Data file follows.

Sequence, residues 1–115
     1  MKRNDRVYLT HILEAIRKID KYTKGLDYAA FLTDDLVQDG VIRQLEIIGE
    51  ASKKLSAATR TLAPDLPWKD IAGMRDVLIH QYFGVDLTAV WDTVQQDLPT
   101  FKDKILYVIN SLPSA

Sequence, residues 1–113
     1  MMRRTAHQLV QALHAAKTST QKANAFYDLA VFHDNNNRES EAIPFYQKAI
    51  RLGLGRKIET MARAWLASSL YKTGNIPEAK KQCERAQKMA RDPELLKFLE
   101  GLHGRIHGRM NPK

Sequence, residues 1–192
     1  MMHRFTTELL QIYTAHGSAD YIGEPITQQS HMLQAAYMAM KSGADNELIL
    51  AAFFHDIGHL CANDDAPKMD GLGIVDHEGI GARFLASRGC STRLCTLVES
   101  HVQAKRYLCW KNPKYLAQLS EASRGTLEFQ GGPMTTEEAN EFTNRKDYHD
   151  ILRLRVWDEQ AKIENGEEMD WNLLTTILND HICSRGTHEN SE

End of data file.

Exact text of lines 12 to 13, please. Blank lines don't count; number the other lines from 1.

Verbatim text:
   101  HVQAKRYLCW KNPKYLAQLS EASRGTLEFQ GGPMTTEEAN EFTNRKDYHD
   151  ILRLRVWDEQ AKIENGEEMD WNLLTTILND HICSRGTHEN SE